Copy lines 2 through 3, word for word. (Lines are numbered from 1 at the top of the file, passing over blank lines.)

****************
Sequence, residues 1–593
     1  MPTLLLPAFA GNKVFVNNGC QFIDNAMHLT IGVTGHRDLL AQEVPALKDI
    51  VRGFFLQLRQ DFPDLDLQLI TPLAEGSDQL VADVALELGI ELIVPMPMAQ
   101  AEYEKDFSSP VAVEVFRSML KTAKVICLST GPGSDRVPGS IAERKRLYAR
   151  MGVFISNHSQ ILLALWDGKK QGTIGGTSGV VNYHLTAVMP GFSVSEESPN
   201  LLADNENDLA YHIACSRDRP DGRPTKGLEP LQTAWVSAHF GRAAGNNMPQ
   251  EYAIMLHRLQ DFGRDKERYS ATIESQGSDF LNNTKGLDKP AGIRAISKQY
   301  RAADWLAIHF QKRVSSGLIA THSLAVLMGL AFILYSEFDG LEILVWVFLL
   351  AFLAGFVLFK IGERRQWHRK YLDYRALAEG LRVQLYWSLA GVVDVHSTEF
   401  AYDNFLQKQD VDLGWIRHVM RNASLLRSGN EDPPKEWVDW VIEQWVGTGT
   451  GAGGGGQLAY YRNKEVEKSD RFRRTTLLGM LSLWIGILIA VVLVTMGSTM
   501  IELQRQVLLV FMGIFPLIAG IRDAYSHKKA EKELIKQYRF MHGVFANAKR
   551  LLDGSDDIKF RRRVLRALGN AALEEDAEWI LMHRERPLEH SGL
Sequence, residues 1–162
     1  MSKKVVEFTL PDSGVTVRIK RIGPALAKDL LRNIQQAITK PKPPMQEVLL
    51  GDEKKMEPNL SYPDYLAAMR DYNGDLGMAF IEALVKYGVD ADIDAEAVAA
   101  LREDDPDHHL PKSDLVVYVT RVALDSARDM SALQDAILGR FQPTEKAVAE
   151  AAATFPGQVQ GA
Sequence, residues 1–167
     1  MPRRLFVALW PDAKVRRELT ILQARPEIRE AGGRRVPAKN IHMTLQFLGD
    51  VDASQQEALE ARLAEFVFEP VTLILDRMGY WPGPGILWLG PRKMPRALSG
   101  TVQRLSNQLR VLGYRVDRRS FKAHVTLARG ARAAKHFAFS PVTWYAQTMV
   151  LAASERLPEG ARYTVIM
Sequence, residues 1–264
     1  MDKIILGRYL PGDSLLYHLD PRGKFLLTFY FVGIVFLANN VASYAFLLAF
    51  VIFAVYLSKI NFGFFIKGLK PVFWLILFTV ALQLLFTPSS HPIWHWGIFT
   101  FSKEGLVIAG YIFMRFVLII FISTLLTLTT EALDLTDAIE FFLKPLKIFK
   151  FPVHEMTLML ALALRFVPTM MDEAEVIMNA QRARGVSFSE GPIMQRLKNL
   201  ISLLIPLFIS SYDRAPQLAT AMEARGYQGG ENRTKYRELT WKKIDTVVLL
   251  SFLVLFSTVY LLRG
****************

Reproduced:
     1  MPTLLLPAFA GNKVFVNNGC QFIDNAMHLT IGVTGHRDLL AQEVPALKDI
    51  VRGFFLQLRQ DFPDLDLQLI TPLAEGSDQL VADVALELGI ELIVPMPMAQ